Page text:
that the original copy of the assailed Resolution dated 24 August 2004 issued by
the NLRC indicates that counsel for the petitioner received a copy of the same on
13 September 2004,[13] not on 15 September 2004 as alleged by petitioner in its
Motion for Reconsideration. The Court of Appeals further made the observation
that the photocopy[14] of the same NLRC Resolution dated 24 August
2004 attached to petitioners Motion for Reconsideration with the appellate court
appears to have been doctored to indicate the date of receipt as Sep 15 2004 to suit
petitioners posturing.[15]

Hence, the present Petition wherein the following issues are raised for resolution:

A. WHETHER OR NOT THERE ARE SUFFICIENT GROUNDS FOR THE


DISMISSAL OF THE PETITION BY THE HONORABLE COURT OF
APPEALS;

B. WHETHER OR NOT TECHNICAL RULES OF PROCEDURE (sic) BE


GIVEN MORE SIGNIFICANCE OVER THE CLEARLY
MERITORIOUS ARGUMENTS OF THE PETITION.[16]

According to the petitioner, the actual date of its receipt of the 24 August 2004
NLRC Resolution is 15 September 2004 and not 13 September 2004 as
erroneously stamped on its copy by the secretary of petitioners counsel. It has 60
days to file the Petition for Certiorari under Rule 65 of the Revised Rules of Court,
with the Court of Appeals. He therefore had until 14 November 2004 to file the
Petition for Certiorari with the Court of Appeals. Petitioner counted the date of
filing of its petition based on its actual date of receipt of the assailed Resolution, 15
September 2004.Petitioner then filed its Petition for Certiorari with the Court of
Appeals on 16 November 2004, which was still within the reglementary period for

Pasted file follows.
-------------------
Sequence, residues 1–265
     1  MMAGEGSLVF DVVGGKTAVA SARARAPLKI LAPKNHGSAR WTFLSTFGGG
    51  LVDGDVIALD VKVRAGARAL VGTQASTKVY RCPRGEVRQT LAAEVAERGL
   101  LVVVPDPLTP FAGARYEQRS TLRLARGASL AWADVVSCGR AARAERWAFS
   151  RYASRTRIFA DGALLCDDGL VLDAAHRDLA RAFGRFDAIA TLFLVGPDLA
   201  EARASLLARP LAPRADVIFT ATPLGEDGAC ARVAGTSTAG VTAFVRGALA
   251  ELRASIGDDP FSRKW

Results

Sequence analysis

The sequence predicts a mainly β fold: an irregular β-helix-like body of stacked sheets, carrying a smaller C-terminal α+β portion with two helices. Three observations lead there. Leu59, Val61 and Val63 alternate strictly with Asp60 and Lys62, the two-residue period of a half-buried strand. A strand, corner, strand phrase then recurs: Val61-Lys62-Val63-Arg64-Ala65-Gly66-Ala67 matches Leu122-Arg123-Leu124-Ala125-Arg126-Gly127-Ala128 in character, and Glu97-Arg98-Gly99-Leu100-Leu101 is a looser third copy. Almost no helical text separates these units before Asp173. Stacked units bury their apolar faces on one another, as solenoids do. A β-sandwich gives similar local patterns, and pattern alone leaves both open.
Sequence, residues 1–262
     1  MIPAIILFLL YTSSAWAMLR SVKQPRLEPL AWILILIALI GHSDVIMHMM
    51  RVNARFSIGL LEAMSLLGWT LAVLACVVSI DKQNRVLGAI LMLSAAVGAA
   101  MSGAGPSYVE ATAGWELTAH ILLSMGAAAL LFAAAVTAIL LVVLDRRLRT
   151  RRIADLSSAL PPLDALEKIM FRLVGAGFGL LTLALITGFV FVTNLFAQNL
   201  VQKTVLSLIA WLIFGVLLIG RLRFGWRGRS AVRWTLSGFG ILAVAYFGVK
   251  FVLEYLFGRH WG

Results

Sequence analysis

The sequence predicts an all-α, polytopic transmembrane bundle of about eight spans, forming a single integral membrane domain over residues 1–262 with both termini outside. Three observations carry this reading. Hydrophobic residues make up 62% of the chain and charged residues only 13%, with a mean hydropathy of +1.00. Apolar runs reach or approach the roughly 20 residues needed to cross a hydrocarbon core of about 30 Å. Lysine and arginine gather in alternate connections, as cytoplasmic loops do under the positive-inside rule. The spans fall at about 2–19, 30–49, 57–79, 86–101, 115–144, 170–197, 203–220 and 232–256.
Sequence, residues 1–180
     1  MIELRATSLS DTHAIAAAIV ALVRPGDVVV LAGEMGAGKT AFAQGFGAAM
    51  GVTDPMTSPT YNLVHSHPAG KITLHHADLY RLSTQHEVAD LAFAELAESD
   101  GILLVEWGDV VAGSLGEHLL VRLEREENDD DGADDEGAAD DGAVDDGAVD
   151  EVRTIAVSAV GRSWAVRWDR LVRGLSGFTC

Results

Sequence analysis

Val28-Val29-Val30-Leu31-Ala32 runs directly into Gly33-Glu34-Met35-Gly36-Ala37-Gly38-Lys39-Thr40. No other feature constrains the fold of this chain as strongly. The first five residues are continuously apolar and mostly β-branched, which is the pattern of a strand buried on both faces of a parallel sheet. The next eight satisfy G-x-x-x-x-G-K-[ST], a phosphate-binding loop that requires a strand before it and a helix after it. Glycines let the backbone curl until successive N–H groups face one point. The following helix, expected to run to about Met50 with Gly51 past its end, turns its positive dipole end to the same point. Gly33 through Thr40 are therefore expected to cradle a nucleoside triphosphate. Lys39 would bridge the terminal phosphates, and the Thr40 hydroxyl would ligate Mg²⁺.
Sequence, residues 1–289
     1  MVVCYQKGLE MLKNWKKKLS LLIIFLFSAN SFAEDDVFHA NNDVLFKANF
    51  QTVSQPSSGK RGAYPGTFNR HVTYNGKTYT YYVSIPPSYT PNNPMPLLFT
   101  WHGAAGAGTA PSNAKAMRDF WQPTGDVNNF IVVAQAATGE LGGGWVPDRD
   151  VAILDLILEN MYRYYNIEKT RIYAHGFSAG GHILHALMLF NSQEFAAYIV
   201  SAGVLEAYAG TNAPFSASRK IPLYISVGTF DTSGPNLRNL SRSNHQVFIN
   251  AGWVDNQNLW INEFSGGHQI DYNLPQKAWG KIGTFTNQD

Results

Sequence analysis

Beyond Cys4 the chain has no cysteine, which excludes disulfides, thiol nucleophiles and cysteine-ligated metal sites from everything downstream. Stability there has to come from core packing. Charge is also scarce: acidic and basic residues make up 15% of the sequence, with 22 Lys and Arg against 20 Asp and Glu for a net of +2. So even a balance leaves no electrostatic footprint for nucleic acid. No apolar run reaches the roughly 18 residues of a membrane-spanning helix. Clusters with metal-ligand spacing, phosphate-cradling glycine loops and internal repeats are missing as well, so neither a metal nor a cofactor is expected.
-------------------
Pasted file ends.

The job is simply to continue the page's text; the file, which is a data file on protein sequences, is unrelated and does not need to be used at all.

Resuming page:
filing. To further prove its claim, petitioner presented a Certification from
the Quezon City Central Post Office[17] that it received the 24 August
2004 resolution on 15 September 2004.
As borne out by the records, the registry return card shows that indeed the counsel
for the petitioner received the NLRC Resolution dated 24 August 2004 on 15
September 2004.[18] This being so, the 60-day period to file the Petition
for Certiorari ends on 14 November 2004 which is a Sunday. Petitioner should
then have filed the petition on the succeeding business day, which is 15 November
2004, a Monday. However, 15 November 2004 was declared a special non-
working day throughout the Country in observance of the Feast
of Ramadhan.[19] Thus, the filing of the petition with the Court of Appeals on 16
November 2004, Tuesday, was still within the reglementary period. On this point,
no procedural faux pas may be attributed to the petitioner. The supposed delayed
filing of the petition as found by the Court of Appeals is belied by the registry
return card which shows that counsel for the petitioner indeed received the NLRC
Resolution dated 24 August 2004 on 15 September 2004. The registry return card
commands great weight because it is considered as the official record of the
court.[20]
That the petitioners counsel received the NLRC Resolution dated 24 August
2004 on 15 September 2004 is fortified by the certification issued by
the Quezon City Post Office to this effect. This certification carries the
presumption of regularity in its issuance.[21]

With this pronouncement, the proper recourse would have been to remand this case
to the Court of Appeals and to give due course to the Petition for Certiorari under
Rule 65 of the Revised Rules of Court filed by the petitioner. Be that as it may,
since all the records of this case are before us, there is no need to remand the case
to the Court of Appeals. On many occasions, the Court, in the public interest and
for the expeditious administration of justice, has resolved actions on the merits,
instead of remanding them for further proceedings, as where the ends of justice
would not be sub-served by the remand of the case.[22]